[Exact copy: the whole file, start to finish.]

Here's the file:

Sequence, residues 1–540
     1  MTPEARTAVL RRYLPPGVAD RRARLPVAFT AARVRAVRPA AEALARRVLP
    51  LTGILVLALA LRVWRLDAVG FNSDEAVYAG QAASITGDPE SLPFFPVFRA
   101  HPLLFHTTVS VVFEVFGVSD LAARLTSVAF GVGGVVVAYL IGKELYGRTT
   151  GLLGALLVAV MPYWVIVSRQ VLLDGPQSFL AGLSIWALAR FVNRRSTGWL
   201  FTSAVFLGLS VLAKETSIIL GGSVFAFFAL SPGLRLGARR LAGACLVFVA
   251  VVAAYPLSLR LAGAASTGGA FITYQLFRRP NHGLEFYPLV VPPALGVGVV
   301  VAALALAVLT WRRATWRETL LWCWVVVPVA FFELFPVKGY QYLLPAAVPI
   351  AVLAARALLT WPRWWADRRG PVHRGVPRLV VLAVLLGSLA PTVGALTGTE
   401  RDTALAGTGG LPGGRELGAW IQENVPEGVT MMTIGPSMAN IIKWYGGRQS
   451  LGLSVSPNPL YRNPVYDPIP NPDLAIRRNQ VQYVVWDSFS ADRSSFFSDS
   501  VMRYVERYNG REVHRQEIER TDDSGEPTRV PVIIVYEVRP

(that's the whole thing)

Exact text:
Sequence, residues 1–540
     1  MTPEARTAVL RRYLPPGVAD RRARLPVAFT AARVRAVRPA AEALARRVLP
    51  LTGILVLALA LRVWRLDAVG FNSDEAVYAG QAASITGDPE SLPFFPVFRA
   101  HPLLFHTTVS VVFEVFGVSD LAARLTSVAF GVGGVVVAYL IGKELYGRTT
   151  GLLGALLVAV MPYWVIVSRQ VLLDGPQSFL AGLSIWALAR FVNRRSTGWL
   201  FTSAVFLGLS VLAKETSIIL GGSVFAFFAL SPGLRLGARR LAGACLVFVA
   251  VVAAYPLSLR LAGAASTGGA FITYQLFRRP NHGLEFYPLV VPPALGVGVV
   301  VAALALAVLT WRRATWRETL LWCWVVVPVA FFELFPVKGY QYLLPAAVPI
   351  AVLAARALLT WPRWWADRRG PVHRGVPRLV VLAVLLGSLA PTVGALTGTE
   401  RDTALAGTGG LPGGRELGAW IQENVPEGVT MMTIGPSMAN IIKWYGGRQS
   451  LGLSVSPNPL YRNPVYDPIP NPDLAIRRNQ VQYVVWDSFS ADRSSFFSDS
   501  VMRYVERYNG REVHRQEIER TDDSGEPTRV PVIIVYEVRP